October 11 is the International Day of the Girl Child, a United Nations day of observance to call attention not only to girls' rights, but also to the struggles they face around the world. This year's theme is: The Power of the Adolescent Girl: Vision for 2030.
Apple Kate Senarillos,10, of the Philippines, writes in her notebook while doing homework. Photo by Olivier Asselin, courtesy of Heifer International. Source
This is an important day for me. I was a girl child; I am raising a girl child; I have witnessed the challenges and successes experienced by girl children in communities where Heifer International works. And I recognize how fortunate I am to have been born in a place and environment where I was able to harness opportunity and flourish. I didn't worry about daily hunger, access to education or feeling safe. And as an adolescent, I was able to express my thoughts and opinions and exercise my rights and ability to participate fully in my family and community. This is not a universal reality. Far from it.
Adolescent girls have innate power. But 37,000 child marriages happen every day, and 50 percent of all first births in developing countries are to adolescent girls. This means that rights, access to education and that very power is stripped from them, or under-cultivated, and the result is a weaker society for us all. Hunger and poverty are two serious culprits, as is a lack of formal education.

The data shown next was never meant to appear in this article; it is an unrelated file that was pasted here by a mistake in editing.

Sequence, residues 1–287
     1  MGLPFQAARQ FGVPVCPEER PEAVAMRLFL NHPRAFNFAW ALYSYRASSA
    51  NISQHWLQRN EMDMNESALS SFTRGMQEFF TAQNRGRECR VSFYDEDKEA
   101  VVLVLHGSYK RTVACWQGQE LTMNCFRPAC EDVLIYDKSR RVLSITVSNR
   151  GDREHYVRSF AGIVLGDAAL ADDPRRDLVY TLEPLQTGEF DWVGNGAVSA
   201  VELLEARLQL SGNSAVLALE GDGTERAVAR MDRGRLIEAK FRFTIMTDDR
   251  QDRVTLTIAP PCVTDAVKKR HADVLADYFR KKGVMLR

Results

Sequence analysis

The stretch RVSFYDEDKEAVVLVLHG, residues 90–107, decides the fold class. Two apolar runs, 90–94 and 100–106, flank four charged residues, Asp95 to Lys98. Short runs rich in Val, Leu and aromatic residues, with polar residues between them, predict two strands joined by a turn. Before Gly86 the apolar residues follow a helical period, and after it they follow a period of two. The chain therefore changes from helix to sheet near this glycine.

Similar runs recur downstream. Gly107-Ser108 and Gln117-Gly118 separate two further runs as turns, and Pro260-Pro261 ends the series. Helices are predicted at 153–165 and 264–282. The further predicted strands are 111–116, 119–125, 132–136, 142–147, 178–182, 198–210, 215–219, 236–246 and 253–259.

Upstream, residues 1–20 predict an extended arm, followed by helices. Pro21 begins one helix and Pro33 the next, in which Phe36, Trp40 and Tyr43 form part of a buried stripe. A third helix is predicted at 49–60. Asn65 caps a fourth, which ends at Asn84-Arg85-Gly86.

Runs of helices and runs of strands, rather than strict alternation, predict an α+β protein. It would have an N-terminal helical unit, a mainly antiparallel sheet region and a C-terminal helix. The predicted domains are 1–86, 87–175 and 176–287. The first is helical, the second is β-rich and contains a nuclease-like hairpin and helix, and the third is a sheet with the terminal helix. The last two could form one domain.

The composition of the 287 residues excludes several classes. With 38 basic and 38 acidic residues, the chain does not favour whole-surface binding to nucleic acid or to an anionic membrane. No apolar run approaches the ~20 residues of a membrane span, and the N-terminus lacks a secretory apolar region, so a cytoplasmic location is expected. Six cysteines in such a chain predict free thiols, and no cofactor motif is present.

Did you know that 62 million girls--half of whom are adolescents--worldwide aren't getting the education they deserve?
It is sadly common that, when a family's resources are limited, the girls are the ones left behind. Heifer Bolivia participant, Mathilde Condori said, "My father only let me go to school up until the second grade. I don't want my children to be like me. I'm very happy for them to study."
At Heifer International, we strive to change these circumstances for girls globally. Building strong families and individuals requires an international effort to enable change at the community level. The catalyst of our work begins with understanding the needs of the community, placing living assets and then building social capital and gender equity. As families increase their incomes, they can better afford to send their children to school. As communities deepen their understanding about the critical value and importance of women and girls, families overcome historical bias and educate their daughters.
Sharmila Adakari lives in Nepal and wants to be a doctor when she grows up. Her parents are Heifer project participants, and they pay for Sharmila's school fees with the money they earn from their farm. I cannot tell you how thrilled I am to know our donors have helped make Sharmila's dream an achievable possibility. She now has hope, possibility and future of endless opportunity.
I'd like to celebrate girls like Sharmila, as they reach for their greatest ambitions. But let's also keep in mind the reality faced by the 62 million girls who aren't in school, and let's all do what we can do to become part of the solution. Change starts when each of us makes a commitment to creating better circumstances for our global community.